ARI SHAPIRO, HOST:
This time next week, many of us will sit down to a plate of turkey, mashed potatoes, stuffing and cranberries. Sixty years ago, cranberries were missing from the Thanksgiving table. There was a scare over potentially cancerous cranberries. All sales stopped. The cranberry business nearly died. Stacey Vanek Smith and Adrian Ma from our daily economics podcast The Indicator From Planet Money have this report on the great cranberry crash of 1959.
STACEY VANEK SMITH, BYLINE: It was early November 1959 when Arthur Flemming got some distressing news. He was the secretary of Health, Education and Welfare under President Eisenhower, and he had just learned that samples of cranberries collected in Oregon and Washington contained traces of an herbicide called amino triazole.
ROBERT COX: Amino triazole was known to cause thyroid cancer in rats.
VANEK SMITH: This is Robert Cox, author of the book "Massachusetts Cranberry Culture."
COX: Carcinogens had been banned for agricultural use the previous year - 1958. And so he said, we have a problem.
ADRIAN MA, BYLINE: The problem was Thanksgiving was less than three weeks away. And on top of turkey, millions of Americans would soon be eating cranberry sauce.
VANEK SMITH: So on November 9 almost exactly 60 years ago, Flemming issued a statement, warning the public of the contamination and the potential cancer risk. Within hours, grocery stores around the country pulled cranberry products from their shelves. As news about the contaminated cranberries swept the nation, the market for them basically ground to a halt.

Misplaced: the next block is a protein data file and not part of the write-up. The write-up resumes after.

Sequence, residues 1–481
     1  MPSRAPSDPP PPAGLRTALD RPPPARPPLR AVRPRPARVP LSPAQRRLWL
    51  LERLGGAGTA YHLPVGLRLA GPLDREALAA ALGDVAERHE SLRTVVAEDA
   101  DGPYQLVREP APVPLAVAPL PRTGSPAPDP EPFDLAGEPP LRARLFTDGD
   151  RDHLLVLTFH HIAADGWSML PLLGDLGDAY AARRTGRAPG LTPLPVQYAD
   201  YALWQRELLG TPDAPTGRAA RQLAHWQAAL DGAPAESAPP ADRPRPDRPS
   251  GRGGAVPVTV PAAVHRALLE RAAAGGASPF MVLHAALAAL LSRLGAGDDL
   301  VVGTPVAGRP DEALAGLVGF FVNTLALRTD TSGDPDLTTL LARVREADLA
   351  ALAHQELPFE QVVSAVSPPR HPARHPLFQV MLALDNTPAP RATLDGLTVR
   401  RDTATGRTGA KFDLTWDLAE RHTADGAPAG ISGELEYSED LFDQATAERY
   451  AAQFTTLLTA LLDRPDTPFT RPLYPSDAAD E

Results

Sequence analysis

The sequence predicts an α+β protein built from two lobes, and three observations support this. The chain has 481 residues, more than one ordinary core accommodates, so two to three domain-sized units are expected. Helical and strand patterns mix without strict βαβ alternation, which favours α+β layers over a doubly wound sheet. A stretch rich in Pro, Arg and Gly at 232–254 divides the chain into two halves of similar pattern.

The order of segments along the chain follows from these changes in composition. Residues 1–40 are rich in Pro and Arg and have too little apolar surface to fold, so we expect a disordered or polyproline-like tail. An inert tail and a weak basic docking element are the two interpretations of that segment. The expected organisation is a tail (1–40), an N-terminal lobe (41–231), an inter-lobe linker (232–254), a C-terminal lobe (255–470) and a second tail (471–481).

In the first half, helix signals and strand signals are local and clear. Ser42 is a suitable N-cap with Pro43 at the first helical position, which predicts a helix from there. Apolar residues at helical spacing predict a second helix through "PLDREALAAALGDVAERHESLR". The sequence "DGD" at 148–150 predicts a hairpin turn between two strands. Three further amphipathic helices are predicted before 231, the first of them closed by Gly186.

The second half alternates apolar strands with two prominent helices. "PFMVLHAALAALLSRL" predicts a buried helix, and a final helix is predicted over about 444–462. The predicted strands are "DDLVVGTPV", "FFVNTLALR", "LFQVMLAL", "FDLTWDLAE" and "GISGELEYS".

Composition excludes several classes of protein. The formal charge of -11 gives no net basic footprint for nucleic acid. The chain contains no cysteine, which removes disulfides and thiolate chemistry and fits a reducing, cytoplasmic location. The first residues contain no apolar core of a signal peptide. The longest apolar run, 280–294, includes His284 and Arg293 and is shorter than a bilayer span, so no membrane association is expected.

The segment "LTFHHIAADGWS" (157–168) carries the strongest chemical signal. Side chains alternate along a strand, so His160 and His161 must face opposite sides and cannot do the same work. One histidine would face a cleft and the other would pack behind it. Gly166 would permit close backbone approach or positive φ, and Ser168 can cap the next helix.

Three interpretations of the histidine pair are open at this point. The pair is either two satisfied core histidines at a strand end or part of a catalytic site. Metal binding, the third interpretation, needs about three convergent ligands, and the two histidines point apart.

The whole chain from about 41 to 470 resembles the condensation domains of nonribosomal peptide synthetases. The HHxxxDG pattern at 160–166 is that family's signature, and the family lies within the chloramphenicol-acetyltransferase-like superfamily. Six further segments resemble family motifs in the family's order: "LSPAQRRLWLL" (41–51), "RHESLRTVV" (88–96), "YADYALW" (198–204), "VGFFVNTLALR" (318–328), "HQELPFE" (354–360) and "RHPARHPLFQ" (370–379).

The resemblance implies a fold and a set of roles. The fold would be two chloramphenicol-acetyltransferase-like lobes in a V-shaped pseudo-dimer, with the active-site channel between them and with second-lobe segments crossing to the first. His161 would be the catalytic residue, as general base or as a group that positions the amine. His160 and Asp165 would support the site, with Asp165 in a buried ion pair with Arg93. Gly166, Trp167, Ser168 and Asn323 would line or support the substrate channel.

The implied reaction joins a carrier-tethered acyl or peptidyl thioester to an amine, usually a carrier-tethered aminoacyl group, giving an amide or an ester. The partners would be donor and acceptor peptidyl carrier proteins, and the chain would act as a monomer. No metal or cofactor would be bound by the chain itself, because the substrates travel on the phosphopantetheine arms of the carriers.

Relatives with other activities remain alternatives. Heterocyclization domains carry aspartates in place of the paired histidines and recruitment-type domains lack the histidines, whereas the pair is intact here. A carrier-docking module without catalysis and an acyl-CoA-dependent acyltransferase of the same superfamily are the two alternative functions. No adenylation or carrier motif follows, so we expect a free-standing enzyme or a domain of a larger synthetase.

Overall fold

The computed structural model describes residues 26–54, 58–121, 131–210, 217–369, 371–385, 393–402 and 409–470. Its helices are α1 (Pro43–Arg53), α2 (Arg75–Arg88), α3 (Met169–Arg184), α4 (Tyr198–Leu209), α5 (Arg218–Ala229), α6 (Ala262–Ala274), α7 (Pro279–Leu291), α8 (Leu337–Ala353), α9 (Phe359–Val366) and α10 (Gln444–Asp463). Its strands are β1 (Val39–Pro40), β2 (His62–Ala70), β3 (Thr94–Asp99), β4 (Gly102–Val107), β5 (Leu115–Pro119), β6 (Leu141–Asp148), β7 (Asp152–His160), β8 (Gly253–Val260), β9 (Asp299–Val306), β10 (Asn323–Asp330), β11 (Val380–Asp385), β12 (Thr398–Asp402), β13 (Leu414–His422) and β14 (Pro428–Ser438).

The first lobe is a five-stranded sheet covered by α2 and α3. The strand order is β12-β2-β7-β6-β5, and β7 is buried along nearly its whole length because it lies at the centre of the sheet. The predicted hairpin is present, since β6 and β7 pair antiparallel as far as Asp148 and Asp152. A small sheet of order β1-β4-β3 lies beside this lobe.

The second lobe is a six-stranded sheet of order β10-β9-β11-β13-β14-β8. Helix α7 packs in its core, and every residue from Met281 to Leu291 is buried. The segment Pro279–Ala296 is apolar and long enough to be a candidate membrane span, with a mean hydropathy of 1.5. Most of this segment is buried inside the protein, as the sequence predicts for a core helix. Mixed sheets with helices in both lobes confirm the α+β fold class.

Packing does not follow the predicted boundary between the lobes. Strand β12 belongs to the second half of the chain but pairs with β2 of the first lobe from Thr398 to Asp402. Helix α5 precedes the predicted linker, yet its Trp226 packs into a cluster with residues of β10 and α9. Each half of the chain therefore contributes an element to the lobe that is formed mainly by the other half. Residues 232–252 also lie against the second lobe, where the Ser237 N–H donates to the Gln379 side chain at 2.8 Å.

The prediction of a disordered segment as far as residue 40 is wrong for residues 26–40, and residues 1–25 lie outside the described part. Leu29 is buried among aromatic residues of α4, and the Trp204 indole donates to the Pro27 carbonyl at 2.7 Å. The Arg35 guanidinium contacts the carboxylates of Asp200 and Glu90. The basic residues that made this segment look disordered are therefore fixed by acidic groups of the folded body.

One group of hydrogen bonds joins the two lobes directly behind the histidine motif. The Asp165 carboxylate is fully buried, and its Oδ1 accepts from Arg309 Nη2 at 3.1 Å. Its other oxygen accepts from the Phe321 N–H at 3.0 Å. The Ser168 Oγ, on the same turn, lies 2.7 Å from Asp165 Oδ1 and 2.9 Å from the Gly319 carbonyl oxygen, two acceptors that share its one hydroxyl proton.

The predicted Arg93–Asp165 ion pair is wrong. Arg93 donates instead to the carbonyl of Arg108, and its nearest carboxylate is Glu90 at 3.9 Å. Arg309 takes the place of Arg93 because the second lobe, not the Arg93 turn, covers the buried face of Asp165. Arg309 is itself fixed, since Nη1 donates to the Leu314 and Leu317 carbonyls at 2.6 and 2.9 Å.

JOHN DECAS: We had 40 trailer loads of cranberries canceled within one hour after that announcement.
VANEK SMITH: John Decas is co-owner of Decas Cranberry Products in Carver, Mass. At the time of the cranberry scare, he was in his mid-20s and had just started working in the family business.
MA: John says the rest of that year, they did not sell a single berry.
VANEK SMITH: Later, lab tests only found traces of amino triazole in about 1- or 2% of the fruit they inspected. And Congress would pay the growers about $8.5 million to compensate them for lost sales. Still, the damage was pretty much done.
MA: Part of what made the cranberry scare so hard on producers like John was the timing - just days before Thanksgiving. And back then, Thanksgiving was the cranberry industry.
VANEK SMITH: The cranberry industry had to figure out how to get people to eat cranberries not just on Thanksgiving.
MA: In the early 1960s, Ocean Spray had this idea. They thought, if we want people to consume more cranberries, we need to think beyond sauce. And so cranberries went from being a once-a-year fruit to something you could have in any season. Cranberries are now a global commodity. Last year, the U.S. exported almost half a billion dollars' worth of cranberry products, and U.S. farmers produced almost 9 million barrels.
VANEK SMITH: After the scare of 1959, the cranberry industry came out on top.
MA: That is until last summer.
VANEK SMITH: Trade war.
MA: Trade war - what else? As part of its retaliation, China imposed a 25% tariff on dried cranberries. And soon, sales to China fell by nearly half. On top of that, cranberry growers are now facing a massive surplus. For years, the fruit's popularity drove increased production in the U.S., Canada and Chile. And now there is a global glut of cranberries.
VANEK SMITH: So the industry is taking a page from the cranberry crisis playbook back from 1959. Companies are doubling down and trying to find a new hit product. The next cranberry juice cocktail or the next dried cranberry.
MA: Adrian Ma.
VANEK SMITH: Stacey Vanek Smith, NPR News.
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